United States District Court, W.D. Louisiana, Lake Charles Division
JUAN COLLAZO REG. # 22102-075
UNASSIGNED, DISTRICT JUDGE
KATHLEEN KAY, MAGISTRATE JUDGE
the court is a petition for writ of habeas corpus filed
pursuant to 28 U.S.C. § 2241 by pro se petitioner Juan
Collazo. Collazo is an inmate in the custody of the Bureau of
Prisons (“BOP”) and is currently incarcerated at
the Federal Correctional Institution at Oakdale, Louisiana.
pleaded guilty in the United States District Court for the
Middle District of Tennessee to one count of conspiracy to
distribute and possess with intent to distribute cocaine, a
violation of 21 U.S.C. § 846. United States v.
Collazo, No. 3:13-cr-209(1), doc. 187 (M.D. Tenn. Jul.
20, 2015). On July 20, 2015, he was sentenced to a ten-year
term of imprisonment. Id. He now brings this
petition to challenge the BOP's calculation of his
sentence, alleging that the BOP erred by failing to credit
him for 646 days in prior custody based on time he was out on
bond. Doc. 1, pp. 6-7. He asserts that he exhausted his
administrative remedies through the filing of a BP-11, which
was denied on June 5, 2017. Id. at 2. He does not
attach any decision on his administrative remedies or other
evidence of exhaustion to his complaint.
Screening of Habeas Corpus Petitions
district court may apply any or all of the rules governing
habeas petitions filed under 28 U.S.C. § 2254 to those
filed under § 2241. See Rule 1(b), Rules
Governing § 2254 Cases in the United States District
Courts. Rule 4 of the Rules Governing § 2254 Cases
authorizes preliminary review of such petitions, and states
that they must be summarily dismissed “[i]f it plainly
appears from the petition and any attached exhibits that the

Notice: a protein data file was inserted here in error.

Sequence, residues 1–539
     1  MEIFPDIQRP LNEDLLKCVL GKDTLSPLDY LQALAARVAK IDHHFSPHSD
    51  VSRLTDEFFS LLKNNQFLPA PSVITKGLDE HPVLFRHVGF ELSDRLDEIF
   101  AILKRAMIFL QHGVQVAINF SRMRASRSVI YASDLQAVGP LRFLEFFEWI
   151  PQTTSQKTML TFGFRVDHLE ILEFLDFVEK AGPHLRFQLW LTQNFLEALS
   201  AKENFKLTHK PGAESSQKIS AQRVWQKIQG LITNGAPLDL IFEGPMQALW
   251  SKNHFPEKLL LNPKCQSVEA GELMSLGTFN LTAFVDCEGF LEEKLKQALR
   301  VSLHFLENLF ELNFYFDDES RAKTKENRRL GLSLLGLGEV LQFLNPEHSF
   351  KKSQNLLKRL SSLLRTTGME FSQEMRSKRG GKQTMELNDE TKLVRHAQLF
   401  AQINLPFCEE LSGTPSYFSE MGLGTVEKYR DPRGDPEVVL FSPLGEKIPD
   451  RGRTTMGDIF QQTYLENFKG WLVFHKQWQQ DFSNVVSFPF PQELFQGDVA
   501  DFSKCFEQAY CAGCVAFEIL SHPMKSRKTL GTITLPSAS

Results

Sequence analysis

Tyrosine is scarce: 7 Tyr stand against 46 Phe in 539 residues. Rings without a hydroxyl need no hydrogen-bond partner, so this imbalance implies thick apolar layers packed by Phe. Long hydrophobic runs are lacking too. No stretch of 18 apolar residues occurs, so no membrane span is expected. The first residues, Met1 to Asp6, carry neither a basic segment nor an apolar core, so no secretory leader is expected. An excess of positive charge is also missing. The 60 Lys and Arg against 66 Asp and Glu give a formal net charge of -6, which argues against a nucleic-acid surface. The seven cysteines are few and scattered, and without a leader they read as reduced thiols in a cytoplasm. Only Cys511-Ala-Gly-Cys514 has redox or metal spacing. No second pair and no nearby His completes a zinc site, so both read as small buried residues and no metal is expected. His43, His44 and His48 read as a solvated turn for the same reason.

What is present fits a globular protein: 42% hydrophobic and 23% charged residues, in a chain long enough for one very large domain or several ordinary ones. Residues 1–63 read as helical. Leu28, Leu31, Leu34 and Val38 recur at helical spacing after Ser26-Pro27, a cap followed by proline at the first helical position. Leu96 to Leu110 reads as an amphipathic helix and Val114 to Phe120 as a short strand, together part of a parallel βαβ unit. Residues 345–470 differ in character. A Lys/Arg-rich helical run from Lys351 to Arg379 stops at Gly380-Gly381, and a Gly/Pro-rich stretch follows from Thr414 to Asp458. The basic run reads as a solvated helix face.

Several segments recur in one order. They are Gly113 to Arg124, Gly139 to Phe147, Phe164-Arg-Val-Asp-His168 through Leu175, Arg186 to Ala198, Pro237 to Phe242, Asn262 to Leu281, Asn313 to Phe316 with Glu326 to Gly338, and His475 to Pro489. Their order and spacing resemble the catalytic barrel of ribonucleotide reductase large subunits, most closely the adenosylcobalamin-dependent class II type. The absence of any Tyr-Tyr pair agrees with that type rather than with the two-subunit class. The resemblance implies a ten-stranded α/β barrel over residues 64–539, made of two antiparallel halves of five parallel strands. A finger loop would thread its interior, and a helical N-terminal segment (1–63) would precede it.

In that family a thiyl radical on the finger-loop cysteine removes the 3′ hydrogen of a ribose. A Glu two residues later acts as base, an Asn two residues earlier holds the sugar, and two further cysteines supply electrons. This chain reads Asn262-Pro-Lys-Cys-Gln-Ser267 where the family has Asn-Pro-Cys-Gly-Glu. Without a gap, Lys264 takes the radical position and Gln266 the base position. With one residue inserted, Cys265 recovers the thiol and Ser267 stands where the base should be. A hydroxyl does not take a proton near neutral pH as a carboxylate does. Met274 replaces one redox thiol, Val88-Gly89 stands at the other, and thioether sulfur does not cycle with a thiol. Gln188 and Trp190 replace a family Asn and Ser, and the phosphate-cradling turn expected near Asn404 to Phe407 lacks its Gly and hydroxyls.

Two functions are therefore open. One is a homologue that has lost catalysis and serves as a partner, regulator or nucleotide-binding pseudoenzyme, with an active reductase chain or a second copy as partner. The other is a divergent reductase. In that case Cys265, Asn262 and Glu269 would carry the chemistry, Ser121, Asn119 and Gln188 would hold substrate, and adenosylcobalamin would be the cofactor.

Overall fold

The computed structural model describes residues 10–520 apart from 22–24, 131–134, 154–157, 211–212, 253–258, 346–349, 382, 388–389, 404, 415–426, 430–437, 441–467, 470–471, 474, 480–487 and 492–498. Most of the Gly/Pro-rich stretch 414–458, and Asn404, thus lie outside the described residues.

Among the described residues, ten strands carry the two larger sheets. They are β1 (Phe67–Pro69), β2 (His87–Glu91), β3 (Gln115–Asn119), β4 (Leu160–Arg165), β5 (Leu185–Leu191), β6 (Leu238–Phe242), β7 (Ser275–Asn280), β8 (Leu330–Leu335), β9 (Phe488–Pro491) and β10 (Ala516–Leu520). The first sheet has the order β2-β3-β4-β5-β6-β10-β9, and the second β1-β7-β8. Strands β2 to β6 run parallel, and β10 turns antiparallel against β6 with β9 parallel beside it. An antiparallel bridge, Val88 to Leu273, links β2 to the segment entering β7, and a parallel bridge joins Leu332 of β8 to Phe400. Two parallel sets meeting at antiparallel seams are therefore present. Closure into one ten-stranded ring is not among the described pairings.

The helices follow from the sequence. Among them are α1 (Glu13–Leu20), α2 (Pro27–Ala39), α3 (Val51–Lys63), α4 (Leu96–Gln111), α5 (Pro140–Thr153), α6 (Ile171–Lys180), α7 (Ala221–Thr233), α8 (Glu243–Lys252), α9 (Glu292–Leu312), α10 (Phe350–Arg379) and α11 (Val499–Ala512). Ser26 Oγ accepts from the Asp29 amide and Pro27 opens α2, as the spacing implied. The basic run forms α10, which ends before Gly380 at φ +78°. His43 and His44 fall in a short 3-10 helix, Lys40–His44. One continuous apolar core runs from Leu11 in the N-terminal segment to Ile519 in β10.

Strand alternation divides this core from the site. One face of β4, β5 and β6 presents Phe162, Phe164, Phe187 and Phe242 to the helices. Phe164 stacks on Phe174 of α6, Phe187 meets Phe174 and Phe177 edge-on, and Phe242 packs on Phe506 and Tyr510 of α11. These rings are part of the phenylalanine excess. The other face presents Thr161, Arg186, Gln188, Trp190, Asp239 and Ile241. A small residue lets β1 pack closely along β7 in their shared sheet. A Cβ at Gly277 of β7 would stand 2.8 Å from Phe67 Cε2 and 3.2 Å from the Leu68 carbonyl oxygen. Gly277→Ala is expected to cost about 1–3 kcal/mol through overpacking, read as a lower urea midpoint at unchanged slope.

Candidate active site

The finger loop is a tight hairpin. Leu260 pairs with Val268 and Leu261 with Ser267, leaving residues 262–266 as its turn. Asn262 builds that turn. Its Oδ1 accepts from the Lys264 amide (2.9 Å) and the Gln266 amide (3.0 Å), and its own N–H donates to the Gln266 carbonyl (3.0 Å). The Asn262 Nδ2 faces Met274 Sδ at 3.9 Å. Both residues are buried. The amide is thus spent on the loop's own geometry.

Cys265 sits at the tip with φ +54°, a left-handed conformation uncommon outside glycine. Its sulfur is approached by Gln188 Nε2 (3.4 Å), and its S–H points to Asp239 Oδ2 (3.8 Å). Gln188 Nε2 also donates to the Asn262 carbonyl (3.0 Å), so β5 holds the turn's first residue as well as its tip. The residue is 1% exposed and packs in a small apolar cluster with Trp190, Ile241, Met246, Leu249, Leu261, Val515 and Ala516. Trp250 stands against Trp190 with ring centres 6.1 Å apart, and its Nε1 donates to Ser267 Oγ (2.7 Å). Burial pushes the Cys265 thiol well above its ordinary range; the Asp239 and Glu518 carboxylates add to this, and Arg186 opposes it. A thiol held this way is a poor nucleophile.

petitioner is not entitled to relief.” Id. at
Rule 4. To avoid summary dismissal under Rule 4, the petition
must contain factual allegations pointing to a “real
possibility of constitutional error.” Id. at
Rule 4, advisory committee note (quoting Aubut v.
Maine, 431 F.2d 688, 689 (1st Cir. 1970)). Accordingly,
we review the pleadings and exhibits before us to determine
whether any right to relief is indicated, or whether the
petition must be dismissed.
§ 2241 petition on behalf of a sentenced prisoner
“attacks the manner in which a sentence is carried out
or the prison authorities' determination of its
duration.” Pack v. Yusuff, 218 F.3d 448, 451
(5th Cir. 2000). In order to prevail, a § 2241
petitioner must show that he is “in custody in
violation of the Constitution or laws or treaties of the
United States.” 28 U.S.C. § 2241(c)(3).
18 U.S.C. § 3585(b), the authority to grant or deny
credit for time served is specifically reserved to the United
States Attorney General and delegated to the Bureau of
Prisons. United States v. Wilson, 112 S.Ct. 1351,
1353-54 (1992); see also United States v. Jack, 566
Fed. App'x 331, 332 (5th Cir. 2014). The federal
sentencing court thus has no authority to designate or
calculate credit for time spent in jail prior to the
commencement of a federal sentence. See, e.g.,
Wilson, 112 S.Ct. at 1353-54. A district court may
review a challenge to the BOP's refusal to grant credit
for time served or make a nunc ...